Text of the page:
Monday, February 23, 2015

OMG a Recipe: Embracing Feast Mode and Eating One's Feelings

So I think I can finally talk about The Incident, that fateful Sunday in the Year of Our Lord, 2015, on the Sunday of Superb Owl, when the beloved Seattle Seahawks played so valiantly... and lost. It still hurts to think about that afternoon. Not like arm-caught-in-a-combine hurt, but a mild, wincing pain nonetheless. I had prepared all this special food for this special game -- Special Sandwiches, that became Sandwiches of Sadness. I couldn't let all that effort go to waste, so please indulge me as I Eat My Feelings...with an egg on top.

Eating my feelings... with a fried egg - Photo by Wasabi Prime

We heart our Seahawks, win or lose, let me make that clear. It was still a championship-worthy and we-got-to-play-in-the-Super-Bowl season, regardless, and it only makes us more excited for the 12th Man flag to fly for this year's season. The only thing more powerful than Beast Mode, is, I daresay, FEAST MODE. We love our game day food, and it's not some mournful bag of chips with a can of shelf-stable dip that requires a pop-top -- we take our food seriously in the Pacific Northwest.

We will forever celebrate the warrior colors and Jello-shots of the 12th Man - Photos by Wasabi Prime
We were invited to watch the Superb Owl (Yes, I know it's Super Bowl, but this sounds better), at a friends' place -- the same location we watched the OMFG-worthy Championship game where we were all literally Losing. Our. Minds. in the last seconds of the game. We didn't want to break the streak; like some magical incantation, we had to recreate the series of events as closely to the original as possible. With sandwiches and color-coordinated vodka Jello-shots.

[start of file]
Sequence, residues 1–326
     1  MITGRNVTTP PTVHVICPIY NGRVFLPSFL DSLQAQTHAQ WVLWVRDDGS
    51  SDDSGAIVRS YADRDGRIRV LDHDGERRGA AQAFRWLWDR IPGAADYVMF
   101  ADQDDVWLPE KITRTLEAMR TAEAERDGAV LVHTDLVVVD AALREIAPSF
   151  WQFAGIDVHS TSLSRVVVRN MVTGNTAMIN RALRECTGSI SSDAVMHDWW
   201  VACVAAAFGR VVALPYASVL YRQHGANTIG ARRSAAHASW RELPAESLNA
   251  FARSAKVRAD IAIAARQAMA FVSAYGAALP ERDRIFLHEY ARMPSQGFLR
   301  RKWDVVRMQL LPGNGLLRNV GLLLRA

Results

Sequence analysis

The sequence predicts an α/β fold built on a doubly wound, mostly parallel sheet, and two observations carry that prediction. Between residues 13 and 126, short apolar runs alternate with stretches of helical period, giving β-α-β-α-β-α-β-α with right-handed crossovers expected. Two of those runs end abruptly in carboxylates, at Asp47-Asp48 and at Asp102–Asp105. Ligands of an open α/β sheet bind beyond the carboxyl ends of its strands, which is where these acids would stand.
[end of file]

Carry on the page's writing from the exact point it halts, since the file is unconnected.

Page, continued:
Flashback to another disappointment - 2014's Aurora  Borealis/Boreanaz no-show. But there was a puppy - Photos by Wasabi Prime
It should be noted, this was most of the same friends we gathered with to attempt to watch last year's Aurora Borealis (or as we were calling it the Aurora Boreanaz), which promised a spectacular show with a blessedly clear night sky. We were craning our necks towards the heavens, in the dark -- which is tricky when you're trying to drink beer -- and it was as much of a spectacular Fail Sauce as the Superb Owl results. We saw nothing, it was a bust. BAWWWWWWWWWWLLLL. Although it was a beautiful night, there were sandwiches, and most importantly, a super-cute puppy. Pongo... you complete me.

Stromboli - like a Pizza Sandwich! - Photo by Wasabi Prime
I like good, hearty game-day (or night sky-viewing) food, and sandwiches are ideal for this. You don't need utensils, can be filled with just about anything, and most can be enjoyed at room temperature, so it's OK if it's sitting on the table for a while... as you hold your head in  SUPERBOWL SORROW.  It's also something you can construct right before serving or heading out to your destination. Instead of waiting for a pizza that will never arrive on a busy game day, make your own stromboli! 

Even more to-go friendly than a pizza! - Photos by Wasabi Prime
Strombolis are like a calzone, stuffed with all your favorite pizza toppings, handily rolled up in pizza dough for easy eating. Calzones are typically smaller and individual sized, but a stromboli is built for a crowd. Once baked, it looks like an innocuous loaf of seasoned French bread, but when you cut into it, it reveals a pinwheel of gooey cheese, tomato sauce, and whatever the heck you want to put into it. I made a vegetarian-friendly stromboli, filled with chopped artichoke hearts, fresh parsley, mozzarella, and a sundried tomato pesto. I mostly went with ingredients I had handy -- I always keep a can or two of artichoke hearts in the pantry, I had leftover sundried tomato pesto after making a big batch, and fresh cheese and parsley is always at the grocery store. I like making my own pizza dough, which is simple enough with flour, water, salt, some olive oil and yeast, but you can buy pizza dough at the grocery store, make it easy on yourself.